ERIC Number: ED332250
Record Type: RIE
Publication Date: 1991-May
Reference Count: N/A
Student Responses to Computers: A Longitudinal Study.
Krendl, Kathy A.; Broihier, Mary
Using R. E. Clark's concept of media attributions, a study examined the evolution of fourth through tenth grade students' perceptions about computers on three dependent variables--preference, perceived learning, and perceived difficulty, over the course of 3 years. Subjects were 339 public school students in Tennessee who completed a self-administered questionnaire. Findings demonstrated clear evidence of novelty effects. Students' judgments regarding preferences for computers declined significantly as did their perceptions of learning from the technology during the 3 years. Perceived difficulty of using computers, which was expected to decline, remained stable. In addition, both gender and age proved to be significantly related to all three dependent variables. Older students were consistently more skeptical about the technology than were younger students, and boys were consistently more positive than girls. These relationships showed no evidence of change over the course of 3 years. The results support critiques of the methodological limitations of the dominant approach to the study of computer effects in learning environment. Reports of short-term experimental applications of the technology have led to misleading generalizations about the computer's instructional potential. (Thirty-three references are included.) (PRA)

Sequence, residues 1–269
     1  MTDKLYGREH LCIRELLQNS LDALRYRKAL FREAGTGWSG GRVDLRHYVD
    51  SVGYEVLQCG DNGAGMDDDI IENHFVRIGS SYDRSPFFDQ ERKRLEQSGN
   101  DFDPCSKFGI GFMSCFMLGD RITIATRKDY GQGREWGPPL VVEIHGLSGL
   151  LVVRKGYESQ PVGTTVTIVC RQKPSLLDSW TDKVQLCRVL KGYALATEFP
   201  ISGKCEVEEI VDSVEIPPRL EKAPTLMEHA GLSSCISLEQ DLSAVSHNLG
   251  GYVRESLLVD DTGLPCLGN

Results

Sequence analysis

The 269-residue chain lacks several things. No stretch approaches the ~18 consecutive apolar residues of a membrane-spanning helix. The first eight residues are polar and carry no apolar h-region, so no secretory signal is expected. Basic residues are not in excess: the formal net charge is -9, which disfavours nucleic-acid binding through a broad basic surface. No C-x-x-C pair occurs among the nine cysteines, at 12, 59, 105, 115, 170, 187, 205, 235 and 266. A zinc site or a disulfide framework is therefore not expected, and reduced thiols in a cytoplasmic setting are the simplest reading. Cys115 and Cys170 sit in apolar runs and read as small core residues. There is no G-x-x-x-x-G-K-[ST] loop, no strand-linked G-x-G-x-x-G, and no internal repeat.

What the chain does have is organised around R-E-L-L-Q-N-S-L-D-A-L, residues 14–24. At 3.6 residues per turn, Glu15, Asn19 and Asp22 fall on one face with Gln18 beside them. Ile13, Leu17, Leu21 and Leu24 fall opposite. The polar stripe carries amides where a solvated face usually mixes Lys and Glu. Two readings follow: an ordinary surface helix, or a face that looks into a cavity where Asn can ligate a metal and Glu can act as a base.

Publication Type: Reports - Research; Speeches/Meeting Papers
Education Level: N/A
Authoring Institution: N/A
Identifiers: Computer Anxiety; Educational Media Role; Tennessee
Note: Paper presented at the Annual Meeting of the International Communication Association (41st, Chicago, IL, May 23-27, 1991).